I wanted to bring this topic over from our previous forum and address the topic of environment maps and how to use them in Babylon.js.
@sebavan and I spent a lot of time working on the implementation of our IBL environments. We reworked how we generate the DDS prefiltered environments so that we aligned with what perceptual ray tracers and popular game engines like Unity and Unreal are doing with their IBL rendering. We use a GGX algorithm that for our lighting calculations which has more of a linear roughness scale which loses clarity in reflections quickly (by around 0.3 roughness).
This doesn’t match up with what our brain expects where a 0.5 roughness value should fall in the middle of the scale so we are using what we are calling a perceptual roughness scale. We are approximating a perceptual roughness model which places what is perceived to be 50% rough in middle of the roughness ramp by adjusting the mip levels on our DDS environments. We adjusted the falloff to mirror what happens in Arnold ray tracing, which is the renderer we chose as our ground truth for this work:
We were able to largely match the perceptual falloff from the Arnold ray tracer, while using a prefiltered MIP chain in the DDS ignoring the last two MIP levels. We have some deviation from the high roughness in the ray traced ground truth, but since fully rough materials don’t really exist in the real world, there is no way to know if Arnold is right in these areas.
To look further into your scene, I recreated it with your code, while adding in the environment from the ground truth as well as our more neutral interior studio environment. I even turned off the directional light in your scene as you don’t really need it anymore, at least not pointing directly at the spheres to light them. I also dropped in the glb of the test spheres from above in with your spheres with a slight modification to your spheres where we are only looking at two rows, one fully metallic and one fully dielectric. Looking at materials that are partially metallic and partially rough are confusing to the eye to determine what looks right, so simplifying it to the extremes for metallic allows us to concentrate only on roughness and values to ensure things look right.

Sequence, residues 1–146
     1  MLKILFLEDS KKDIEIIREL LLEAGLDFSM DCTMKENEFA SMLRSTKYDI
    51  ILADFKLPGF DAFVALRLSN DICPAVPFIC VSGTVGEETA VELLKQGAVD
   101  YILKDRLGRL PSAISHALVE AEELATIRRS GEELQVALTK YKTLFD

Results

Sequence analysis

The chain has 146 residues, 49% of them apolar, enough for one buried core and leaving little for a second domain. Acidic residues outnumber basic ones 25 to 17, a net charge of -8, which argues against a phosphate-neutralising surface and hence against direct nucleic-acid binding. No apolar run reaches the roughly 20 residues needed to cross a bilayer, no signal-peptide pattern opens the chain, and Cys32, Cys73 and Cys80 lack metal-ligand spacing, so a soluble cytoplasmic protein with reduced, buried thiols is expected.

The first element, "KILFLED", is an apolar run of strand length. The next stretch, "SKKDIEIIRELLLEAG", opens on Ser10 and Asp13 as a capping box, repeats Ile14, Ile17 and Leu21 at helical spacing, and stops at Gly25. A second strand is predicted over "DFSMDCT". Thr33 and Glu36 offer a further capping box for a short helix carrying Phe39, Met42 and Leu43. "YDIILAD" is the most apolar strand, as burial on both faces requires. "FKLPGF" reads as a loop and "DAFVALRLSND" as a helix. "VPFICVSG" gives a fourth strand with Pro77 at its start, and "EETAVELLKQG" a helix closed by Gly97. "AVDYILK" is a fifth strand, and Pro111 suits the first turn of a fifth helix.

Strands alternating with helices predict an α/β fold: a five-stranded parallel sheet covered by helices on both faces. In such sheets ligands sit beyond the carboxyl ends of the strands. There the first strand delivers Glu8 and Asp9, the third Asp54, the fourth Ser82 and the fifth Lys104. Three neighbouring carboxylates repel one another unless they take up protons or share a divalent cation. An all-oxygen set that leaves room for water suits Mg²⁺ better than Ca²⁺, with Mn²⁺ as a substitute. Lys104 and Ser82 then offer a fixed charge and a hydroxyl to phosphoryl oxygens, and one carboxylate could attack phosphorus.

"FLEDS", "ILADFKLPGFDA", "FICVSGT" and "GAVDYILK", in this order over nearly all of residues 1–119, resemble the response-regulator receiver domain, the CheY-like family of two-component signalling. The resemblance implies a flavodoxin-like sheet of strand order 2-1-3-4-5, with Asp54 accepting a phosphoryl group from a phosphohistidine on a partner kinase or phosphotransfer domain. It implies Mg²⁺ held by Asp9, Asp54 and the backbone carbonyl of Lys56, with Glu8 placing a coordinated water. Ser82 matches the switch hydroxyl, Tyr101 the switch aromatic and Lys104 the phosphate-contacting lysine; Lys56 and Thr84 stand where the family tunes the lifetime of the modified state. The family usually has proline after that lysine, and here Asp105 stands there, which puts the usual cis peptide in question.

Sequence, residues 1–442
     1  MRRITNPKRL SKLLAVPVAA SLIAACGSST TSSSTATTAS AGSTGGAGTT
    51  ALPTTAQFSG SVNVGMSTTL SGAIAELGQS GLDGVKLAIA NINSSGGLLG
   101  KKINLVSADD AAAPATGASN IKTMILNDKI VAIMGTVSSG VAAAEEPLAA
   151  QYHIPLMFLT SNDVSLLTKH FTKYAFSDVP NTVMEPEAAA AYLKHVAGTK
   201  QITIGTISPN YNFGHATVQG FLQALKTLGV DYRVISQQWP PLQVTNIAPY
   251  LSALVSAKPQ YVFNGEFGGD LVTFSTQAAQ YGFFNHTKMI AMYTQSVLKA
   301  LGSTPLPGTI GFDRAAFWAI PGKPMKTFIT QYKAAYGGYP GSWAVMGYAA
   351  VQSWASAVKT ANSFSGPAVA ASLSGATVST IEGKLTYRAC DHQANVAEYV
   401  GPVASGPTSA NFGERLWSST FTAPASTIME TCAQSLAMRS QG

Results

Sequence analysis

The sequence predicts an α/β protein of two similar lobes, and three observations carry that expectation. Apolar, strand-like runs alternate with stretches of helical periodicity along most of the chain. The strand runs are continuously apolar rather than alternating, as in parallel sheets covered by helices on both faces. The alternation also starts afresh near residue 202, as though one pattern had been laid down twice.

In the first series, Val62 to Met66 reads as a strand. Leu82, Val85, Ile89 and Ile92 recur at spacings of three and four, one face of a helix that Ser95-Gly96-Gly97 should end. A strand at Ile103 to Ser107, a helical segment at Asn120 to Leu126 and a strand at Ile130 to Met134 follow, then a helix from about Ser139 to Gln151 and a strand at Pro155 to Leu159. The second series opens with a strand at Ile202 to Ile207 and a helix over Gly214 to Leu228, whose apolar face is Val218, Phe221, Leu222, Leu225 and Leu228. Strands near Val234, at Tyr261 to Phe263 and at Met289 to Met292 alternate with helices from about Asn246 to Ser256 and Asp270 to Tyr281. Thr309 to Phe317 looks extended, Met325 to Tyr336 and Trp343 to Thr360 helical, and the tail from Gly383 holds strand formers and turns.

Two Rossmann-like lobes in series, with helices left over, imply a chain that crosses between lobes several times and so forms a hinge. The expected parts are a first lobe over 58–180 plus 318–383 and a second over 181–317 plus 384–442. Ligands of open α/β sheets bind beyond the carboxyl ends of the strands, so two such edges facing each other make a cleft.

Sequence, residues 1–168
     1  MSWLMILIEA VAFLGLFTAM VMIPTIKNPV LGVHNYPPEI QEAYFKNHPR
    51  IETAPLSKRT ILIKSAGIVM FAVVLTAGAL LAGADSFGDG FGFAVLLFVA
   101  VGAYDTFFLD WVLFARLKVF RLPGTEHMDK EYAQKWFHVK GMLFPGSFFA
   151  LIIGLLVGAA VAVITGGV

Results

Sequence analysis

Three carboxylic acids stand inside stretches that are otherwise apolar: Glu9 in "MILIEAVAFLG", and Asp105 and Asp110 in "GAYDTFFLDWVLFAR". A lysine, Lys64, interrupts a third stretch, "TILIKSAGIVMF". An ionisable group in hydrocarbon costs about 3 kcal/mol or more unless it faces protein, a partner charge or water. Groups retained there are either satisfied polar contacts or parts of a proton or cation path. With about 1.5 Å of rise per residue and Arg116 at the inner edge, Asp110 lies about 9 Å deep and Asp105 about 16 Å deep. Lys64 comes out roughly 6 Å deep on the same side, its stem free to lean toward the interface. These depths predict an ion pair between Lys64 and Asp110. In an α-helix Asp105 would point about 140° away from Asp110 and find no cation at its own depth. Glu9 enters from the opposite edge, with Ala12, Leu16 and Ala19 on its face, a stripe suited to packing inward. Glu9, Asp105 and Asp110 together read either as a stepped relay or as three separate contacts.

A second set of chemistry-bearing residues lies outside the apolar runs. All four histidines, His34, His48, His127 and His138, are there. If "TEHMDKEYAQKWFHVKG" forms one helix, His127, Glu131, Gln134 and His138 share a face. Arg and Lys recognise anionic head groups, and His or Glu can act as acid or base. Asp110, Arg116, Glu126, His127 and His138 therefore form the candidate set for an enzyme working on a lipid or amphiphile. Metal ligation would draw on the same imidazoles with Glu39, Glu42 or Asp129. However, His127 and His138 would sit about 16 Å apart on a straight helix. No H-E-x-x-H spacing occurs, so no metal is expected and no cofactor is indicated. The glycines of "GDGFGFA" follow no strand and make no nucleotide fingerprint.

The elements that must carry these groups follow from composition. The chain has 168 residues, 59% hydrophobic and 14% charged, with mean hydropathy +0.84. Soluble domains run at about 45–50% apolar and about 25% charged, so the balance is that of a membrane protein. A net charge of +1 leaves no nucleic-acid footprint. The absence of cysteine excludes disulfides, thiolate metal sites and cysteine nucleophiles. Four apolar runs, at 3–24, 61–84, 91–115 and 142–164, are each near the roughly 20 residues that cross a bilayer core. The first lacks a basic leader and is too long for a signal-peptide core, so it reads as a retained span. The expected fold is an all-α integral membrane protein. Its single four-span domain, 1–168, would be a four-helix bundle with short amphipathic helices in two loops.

Here are the two environments with your setup (slightly modified):
You can see in these that the directional light is commented out so is not contributing to the scene. Ideally, you want to use an environment IBL to help ground your scene, but also to add more complex lighting without overloading the scene with analytical lights. You will still need the analytical lights for cast shadows, however.
Here is the playground for you to experiment with: http://playground.babylonjs.com/#BGWI46
It has both environment files referenced with one commented out so you can test both of them. Please let me know if you have any questions about anything.